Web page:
Education Secretary Betsy DeVos on Tuesday withdrew student loan borrower protections put in place by the Obama administration, a move that steps away from accountability and opens the door for "rogue" servicers, according to critics.
DeVos outlined the change in a memo (pdf) sent to James Runcie, the chief operating officer of Federal Student Aid (FSA), in which she laments "a lack of consistent objectives" and other "shortcomings" in the current loan processing system, which as one observer sees it, was, in fact clear, and "was built to make repaying loans easier."
The Washington Post explains the education secretary's action:
DeVos has withdrawn three memos issued by former education secretary John King and his under secretary Ted Mitchell. One of the directives, which was later updated with another memo, called on Runcie to hold companies accountable for borrowers receiving accurate, consistent and timely information about their debt. The 56-page memo called for the creation of financial incentives for targeted outreach to people at great risk of defaulting on their loans, a baseline level of service for all borrowers and a contract flexible enough to penalize servicers for poor service, among other things.
The Obama administration requested routine audits of records, systems, complaints and a compliance-review process. It also directed Runcie's team to base compensation on response time to answering calls, completing applications for income-driven repayment plans, errors made during communications, and the amount of time it takes to process payments. Another memo insisted FSA consider a company's past performance in divvying up the student loan portfolio.
"The guidelines," Cory Doctorow wrote at BoingBoing, "were enacted after the Government Accountability Office found that the Department of Education's outsourced debt-collectors were cheating borrowers and engaging in other corrupt, negligent, and criminal practices." That oursourcing refers to the fact that "the federal government pays hundreds of millions of dollars to companies such as Navient, Great Lakes, and American Education Services to manage $1.2 trillion in student loans," the Post writes.
Bloomberg writes: "With her memo, DeVos has taken control of the complex and widely derided system in which the federal government collects monthly payments from tens of millions of Americans with government-owned student loans. The CFPB [Consumer Financial Protection Bureau] said in 2015 that the manner in which student loans are collected has been marred by 'widespread failures.'"
According to MarketWatch, the Education Department "is currently in the midst of awarding a new lucrative servicing contract to a single entity," with Navient being a finalist. The CFPB sued that company in January "for systematically and illegally failing borrowers at every stage of repayment." Yet the change ordered by DeVos "could make Navient a more likely contender for that contract, government officials said," Bloomberg adds.
Student loan borrower advocates decried the changes made by DeVos.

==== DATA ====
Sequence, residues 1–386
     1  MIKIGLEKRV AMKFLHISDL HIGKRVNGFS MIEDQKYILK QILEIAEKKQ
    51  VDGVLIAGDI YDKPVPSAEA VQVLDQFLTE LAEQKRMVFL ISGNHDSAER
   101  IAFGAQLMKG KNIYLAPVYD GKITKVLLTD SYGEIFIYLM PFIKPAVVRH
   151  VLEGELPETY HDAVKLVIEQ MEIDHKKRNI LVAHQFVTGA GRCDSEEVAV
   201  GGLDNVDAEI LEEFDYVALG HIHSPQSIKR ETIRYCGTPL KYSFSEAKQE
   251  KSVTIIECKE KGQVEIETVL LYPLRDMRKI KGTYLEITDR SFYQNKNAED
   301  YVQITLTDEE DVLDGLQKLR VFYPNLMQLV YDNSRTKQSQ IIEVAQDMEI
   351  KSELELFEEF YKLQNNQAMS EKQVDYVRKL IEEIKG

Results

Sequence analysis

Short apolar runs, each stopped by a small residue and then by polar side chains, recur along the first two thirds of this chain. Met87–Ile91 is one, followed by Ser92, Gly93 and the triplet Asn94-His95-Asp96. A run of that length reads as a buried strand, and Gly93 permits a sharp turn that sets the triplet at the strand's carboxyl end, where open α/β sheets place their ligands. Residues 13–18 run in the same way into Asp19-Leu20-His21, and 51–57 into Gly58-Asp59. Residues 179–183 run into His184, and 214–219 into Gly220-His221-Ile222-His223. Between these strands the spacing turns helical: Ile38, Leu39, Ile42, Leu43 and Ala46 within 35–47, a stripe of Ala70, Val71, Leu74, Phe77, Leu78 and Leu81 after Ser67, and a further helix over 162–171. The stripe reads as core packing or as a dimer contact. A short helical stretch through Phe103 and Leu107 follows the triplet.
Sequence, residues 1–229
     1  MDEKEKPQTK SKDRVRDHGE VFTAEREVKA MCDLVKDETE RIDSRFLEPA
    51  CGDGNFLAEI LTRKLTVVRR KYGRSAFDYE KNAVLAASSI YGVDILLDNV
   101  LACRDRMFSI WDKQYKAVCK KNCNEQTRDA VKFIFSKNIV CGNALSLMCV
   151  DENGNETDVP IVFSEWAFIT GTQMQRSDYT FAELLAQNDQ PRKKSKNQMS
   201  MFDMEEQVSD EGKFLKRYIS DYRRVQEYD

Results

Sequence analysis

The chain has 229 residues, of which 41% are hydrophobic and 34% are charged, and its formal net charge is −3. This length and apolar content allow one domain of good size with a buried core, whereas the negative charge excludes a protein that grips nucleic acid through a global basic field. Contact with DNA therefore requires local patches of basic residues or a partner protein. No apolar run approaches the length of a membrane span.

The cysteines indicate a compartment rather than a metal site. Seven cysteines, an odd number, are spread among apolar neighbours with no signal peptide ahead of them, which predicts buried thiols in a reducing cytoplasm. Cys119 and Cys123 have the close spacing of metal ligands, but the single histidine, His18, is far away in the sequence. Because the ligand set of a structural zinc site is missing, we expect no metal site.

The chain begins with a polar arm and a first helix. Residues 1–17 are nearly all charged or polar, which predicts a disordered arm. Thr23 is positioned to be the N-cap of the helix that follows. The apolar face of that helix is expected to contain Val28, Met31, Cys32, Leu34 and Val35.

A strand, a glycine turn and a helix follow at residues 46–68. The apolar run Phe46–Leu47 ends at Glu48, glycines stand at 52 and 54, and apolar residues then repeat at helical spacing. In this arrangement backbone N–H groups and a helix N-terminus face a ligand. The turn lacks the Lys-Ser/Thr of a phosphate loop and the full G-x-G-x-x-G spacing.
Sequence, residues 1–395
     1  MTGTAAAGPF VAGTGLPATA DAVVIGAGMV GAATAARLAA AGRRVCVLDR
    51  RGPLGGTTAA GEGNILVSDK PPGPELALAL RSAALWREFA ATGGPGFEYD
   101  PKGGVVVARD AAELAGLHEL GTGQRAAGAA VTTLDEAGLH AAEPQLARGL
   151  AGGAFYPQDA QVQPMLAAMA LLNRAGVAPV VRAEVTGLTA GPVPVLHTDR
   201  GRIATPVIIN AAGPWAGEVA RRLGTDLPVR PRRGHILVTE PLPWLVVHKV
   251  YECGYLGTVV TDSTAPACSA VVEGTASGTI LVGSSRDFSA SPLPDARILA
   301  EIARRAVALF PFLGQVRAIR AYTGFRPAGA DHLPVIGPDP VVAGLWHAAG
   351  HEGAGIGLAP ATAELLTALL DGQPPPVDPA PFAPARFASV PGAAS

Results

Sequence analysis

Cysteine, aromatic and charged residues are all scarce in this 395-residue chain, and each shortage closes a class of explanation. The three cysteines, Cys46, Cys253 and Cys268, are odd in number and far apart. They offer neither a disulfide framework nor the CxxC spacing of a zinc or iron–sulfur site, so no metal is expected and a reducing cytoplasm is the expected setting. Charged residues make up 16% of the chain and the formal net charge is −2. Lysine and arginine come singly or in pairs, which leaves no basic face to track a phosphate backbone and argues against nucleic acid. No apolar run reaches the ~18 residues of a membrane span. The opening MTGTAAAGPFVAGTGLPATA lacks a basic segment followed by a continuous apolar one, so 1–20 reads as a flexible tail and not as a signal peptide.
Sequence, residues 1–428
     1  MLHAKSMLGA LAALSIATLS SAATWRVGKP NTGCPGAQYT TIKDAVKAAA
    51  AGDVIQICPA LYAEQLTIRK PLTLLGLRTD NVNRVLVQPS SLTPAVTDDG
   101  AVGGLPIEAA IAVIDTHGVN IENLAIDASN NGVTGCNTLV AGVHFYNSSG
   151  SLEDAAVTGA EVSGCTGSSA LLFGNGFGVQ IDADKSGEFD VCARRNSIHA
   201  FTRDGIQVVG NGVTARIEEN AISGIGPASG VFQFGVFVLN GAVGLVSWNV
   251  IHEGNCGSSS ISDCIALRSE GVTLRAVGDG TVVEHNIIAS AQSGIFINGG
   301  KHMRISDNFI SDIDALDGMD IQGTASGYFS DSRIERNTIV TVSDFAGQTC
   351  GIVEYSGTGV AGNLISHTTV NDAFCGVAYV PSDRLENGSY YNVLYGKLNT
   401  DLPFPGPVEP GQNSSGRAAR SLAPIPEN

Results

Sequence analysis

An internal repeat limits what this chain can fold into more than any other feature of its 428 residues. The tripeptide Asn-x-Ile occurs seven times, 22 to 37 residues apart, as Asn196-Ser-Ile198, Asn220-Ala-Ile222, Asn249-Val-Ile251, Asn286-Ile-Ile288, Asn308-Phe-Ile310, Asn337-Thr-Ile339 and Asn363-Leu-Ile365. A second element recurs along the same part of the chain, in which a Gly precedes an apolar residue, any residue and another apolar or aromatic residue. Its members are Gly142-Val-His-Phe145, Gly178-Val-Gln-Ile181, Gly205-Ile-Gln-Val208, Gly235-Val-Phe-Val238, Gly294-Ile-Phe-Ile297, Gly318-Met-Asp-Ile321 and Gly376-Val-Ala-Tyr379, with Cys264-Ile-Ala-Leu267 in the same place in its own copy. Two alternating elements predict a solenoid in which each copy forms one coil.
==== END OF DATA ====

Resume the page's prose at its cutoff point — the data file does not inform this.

It "will certainly increase the likelihood of default," said David Bergeron, a senior fellow at the Center for American Progress who worked over three decades at the Education Department, to Bloomberg.
"Secretary DeVos—with the stroke of a pen—has reinstated the Wild West of student loans where servicers get to play by their own rules, and borrowers get fleeced," said American Federation of Teachers president Randi Weingarten.
"Her decision rescinds the most basic protections student debtors have when dealing with servicers, like expecting their bills to be accurate and their payments to be processed on time. And she's opened the door for rogue operators such as Navient, which overcharged service members and veterans millions of dollars, to win even more lucrative government contracts. If Secretary DeVos were serious about curing America's trillion dollar student loan crisis, she would strengthen, not rescind, these protections," she continued.
The development comes less than two weeks after the Education Department said that over 550,000 borrowers who were led to believe that their loans would be forgiven after ten years of work in the public service, may in fact be on the hook for those payments.
"Instead, she is enabling and empowering bad actors. It's just another clear example of Betsy DeVos and the Trump administration putting the interests of predatory profiteers over the needs of the little guy—in this instance, the millions of people trying to go to college or acquire career skills without being crippled by debt," Weingarten said.
The change also drew condemnation from Americans for Financial Reform, a Wall Street accountability nonprofit coalition, which said it moved "the department toward less accountability and worse service for student loan borrowers."
The group continued: "In order to have accountability, there must be real consequences when servicers violate the law. Secretary DeVos's actions today moves us away from true accountability, and creates dangers for the very student loan borrowers the Department is responsible for protecting."